The Savvy Sage of Sewing Stimulation

To stretch or not to stretch

When shopping online and sewing with knits…it’s good to know what you’re sewing with – I know – duh statement, but knits have a special qualification that will make sewing with them sooooo much easier

Here’s an example.  Ann includes really wonderful descriptions of her fabrics from her online fabric store Gorgeous Fabrics.

What’s this 60% business?  Well, it tells you how much stretch you have.

But how do you translate this and how do you use it to help you find a pattern and match it with the right knit?

There are several different knits, and first you look at the content.

Here you can see that the content is Rayon/Lycra.  That tells us a lot.

The weave (second line) is knit.  Knit is naturally stretchy, like your sweaters, that are knit – they are stretchy too.

But add Lycra (Spandex is the other name for Lycra, which are both tradenames, therefore they are capitalized, like Kleenex as opposed to tissues which is not a trade name).  Anyway, Lycra is a rubber type fiber….like a rubber band – what I like to call “boing” stretch, as opposed to a knit which is an easy softer stretch.  I like to use Lycra/Spandex on my bottoms and knits on my tops – but not always – but that’s a general rule for me.

OK – anyway back to the content….you can see that it’s got some Lycra AND it’s a knit, therefore it’s going to be pretty stretch and because of the Lycra it’s also going to have some good recovery.  Recovery means that after you’ve stretched it, the fabric will return pretty fast back to it’s original shape, where as knit may take a while, and might even take a washing to get back to it’s original shape, but it’s softer and a gentler stretch.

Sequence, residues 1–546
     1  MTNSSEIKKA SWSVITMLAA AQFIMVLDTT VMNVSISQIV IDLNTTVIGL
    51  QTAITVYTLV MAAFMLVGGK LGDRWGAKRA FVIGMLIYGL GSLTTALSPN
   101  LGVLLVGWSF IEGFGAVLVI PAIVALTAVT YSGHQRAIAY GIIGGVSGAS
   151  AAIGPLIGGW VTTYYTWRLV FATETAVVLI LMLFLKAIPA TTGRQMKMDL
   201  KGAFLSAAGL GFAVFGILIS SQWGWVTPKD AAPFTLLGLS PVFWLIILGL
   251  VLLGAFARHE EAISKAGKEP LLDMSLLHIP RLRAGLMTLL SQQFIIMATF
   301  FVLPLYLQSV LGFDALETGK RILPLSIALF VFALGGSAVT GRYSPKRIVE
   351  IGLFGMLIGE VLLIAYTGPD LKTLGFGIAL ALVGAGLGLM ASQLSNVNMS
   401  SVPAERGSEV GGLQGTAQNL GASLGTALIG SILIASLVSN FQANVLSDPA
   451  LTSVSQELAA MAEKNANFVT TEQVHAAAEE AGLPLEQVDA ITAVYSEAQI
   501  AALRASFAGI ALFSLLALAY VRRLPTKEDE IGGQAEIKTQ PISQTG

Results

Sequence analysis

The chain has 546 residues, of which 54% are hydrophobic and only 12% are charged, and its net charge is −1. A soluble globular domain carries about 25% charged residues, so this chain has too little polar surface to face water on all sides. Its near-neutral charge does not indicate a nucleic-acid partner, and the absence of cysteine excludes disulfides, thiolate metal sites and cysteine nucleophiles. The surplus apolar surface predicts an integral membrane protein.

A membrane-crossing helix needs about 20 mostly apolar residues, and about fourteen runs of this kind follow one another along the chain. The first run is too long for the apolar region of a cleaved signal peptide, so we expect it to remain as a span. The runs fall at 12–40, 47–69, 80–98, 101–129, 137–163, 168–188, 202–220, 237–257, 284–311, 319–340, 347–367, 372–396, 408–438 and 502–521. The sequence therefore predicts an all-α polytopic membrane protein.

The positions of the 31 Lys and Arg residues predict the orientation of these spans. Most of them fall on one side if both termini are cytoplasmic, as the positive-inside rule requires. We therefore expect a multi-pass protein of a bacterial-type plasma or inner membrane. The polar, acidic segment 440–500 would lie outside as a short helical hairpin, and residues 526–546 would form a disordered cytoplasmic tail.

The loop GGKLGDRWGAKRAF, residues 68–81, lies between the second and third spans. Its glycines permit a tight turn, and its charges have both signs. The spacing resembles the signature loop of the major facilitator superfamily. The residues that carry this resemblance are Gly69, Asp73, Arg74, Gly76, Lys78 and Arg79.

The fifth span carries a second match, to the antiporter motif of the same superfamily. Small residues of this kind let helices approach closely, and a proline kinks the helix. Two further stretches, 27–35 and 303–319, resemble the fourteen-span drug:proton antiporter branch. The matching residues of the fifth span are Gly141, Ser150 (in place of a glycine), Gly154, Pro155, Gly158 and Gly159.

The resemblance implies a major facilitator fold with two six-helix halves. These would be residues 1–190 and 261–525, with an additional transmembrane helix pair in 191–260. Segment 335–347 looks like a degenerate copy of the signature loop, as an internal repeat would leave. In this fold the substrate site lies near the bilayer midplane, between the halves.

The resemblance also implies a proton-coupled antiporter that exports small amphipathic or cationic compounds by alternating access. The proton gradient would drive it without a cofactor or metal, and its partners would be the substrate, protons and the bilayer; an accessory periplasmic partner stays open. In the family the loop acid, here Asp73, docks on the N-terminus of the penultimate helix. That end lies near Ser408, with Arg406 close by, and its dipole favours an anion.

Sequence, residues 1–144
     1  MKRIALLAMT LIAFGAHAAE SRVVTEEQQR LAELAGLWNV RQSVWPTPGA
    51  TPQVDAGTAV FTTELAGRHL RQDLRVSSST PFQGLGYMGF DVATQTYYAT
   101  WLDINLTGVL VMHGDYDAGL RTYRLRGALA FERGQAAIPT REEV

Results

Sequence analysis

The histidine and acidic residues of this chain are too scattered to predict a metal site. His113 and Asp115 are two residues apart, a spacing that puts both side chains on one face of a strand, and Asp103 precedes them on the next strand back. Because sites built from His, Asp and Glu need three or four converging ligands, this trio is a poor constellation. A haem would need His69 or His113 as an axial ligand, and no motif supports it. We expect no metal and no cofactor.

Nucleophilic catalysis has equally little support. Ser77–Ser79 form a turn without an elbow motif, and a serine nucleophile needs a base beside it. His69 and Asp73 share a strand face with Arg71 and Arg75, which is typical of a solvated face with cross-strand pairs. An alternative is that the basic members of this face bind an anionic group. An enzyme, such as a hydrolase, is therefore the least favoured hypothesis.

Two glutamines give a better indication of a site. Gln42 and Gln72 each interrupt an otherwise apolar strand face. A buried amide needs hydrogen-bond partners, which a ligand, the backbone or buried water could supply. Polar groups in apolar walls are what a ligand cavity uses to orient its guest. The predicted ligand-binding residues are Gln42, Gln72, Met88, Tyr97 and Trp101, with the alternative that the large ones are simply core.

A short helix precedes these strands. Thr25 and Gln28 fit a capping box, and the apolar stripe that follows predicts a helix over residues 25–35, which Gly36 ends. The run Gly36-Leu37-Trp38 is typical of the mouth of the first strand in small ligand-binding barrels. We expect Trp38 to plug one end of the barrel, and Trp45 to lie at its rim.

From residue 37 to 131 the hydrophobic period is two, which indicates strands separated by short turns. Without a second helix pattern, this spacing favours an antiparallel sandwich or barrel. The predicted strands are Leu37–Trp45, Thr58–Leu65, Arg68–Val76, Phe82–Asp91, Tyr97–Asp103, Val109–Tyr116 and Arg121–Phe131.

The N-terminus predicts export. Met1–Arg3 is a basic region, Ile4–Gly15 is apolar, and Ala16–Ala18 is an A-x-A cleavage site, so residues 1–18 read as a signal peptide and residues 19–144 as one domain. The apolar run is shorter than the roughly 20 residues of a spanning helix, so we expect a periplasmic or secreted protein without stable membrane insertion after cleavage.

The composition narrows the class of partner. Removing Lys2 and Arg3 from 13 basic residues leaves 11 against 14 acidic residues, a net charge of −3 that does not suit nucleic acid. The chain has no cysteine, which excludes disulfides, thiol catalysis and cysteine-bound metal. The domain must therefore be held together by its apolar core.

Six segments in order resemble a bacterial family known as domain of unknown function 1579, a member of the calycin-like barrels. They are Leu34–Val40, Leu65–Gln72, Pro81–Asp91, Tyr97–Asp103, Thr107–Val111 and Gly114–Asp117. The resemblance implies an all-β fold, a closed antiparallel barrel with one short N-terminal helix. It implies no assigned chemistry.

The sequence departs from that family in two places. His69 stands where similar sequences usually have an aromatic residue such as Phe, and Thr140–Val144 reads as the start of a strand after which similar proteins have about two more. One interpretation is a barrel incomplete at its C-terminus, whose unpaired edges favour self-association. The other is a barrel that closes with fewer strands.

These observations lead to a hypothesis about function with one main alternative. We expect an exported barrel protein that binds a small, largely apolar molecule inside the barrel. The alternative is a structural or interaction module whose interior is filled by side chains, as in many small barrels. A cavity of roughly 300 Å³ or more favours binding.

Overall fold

So that’s great but how does this match with a pattern?

Or more relevant – how do you match a pattern to this?

One way is to get an idea of stretches and stretchiness in fabrics….is 60% a lot – can you stretch 500%?

Well, here’s a chart to help you.

Click here to download the chart - don't try and print this bad graphic

This is really handy because this will tell you how much stretch your fabric has.

Then you can match it up to your pattern….and here are some basic guidelines, but stretch is very personal, and with this chart and your pattern you can set your own parameters.

For pants that you want to look like they are woven but feel heavenly when you sit and move around, or you need to move around but need to look professional, use about 20% to 35% stretch.  Most of the time this includes the knit type fabrics, sometimes they will have Lycra, but mostly not.

For swimwear and activewear (I’m making a lot of  my biking gear these days and using this category for my fabrics), use the 50% to 120% stretch categories.  This category almost always includes Lycra – Lycra has that stretch extra “boing” feel that gives it a lot more stretch.

This particular fabric that I’m previewing above is an olive/black stripe with a Jackson Pollock splash through it making it look sort of distressed, and it has 60% stretch with some Lycra in in and a Rayon.

What this tells me is that it’s got great stretch, so I could make a kickin’ turtleneck or close-fitting leggings with this type fabric.  It’s content is Lycra/Rayon which means it will be washable (on synthetic settings), and it tells me that it has a widthwise stretch – and not a lengthwise stretch – so it won’t stretch so much up and down, but will side to side .  This is called 2-way, (as opposed to 4-way which stretches lengthwise & crosswise).

I’m sorta sensitive about my hips and like solids (and the idea of stripes horizontally is really not thrilling me), so I’m thinking about this for a top for me – and quite frankly I’m having problems resisting this – it’s just so cool, and would take all of about 1 hour for me to cut this thing out and whip it up.  Dang, why don’t I have it here in my studio now!!!!

 

That’s another thing neat about knits.  They hardly take any time at all to sew up!

 

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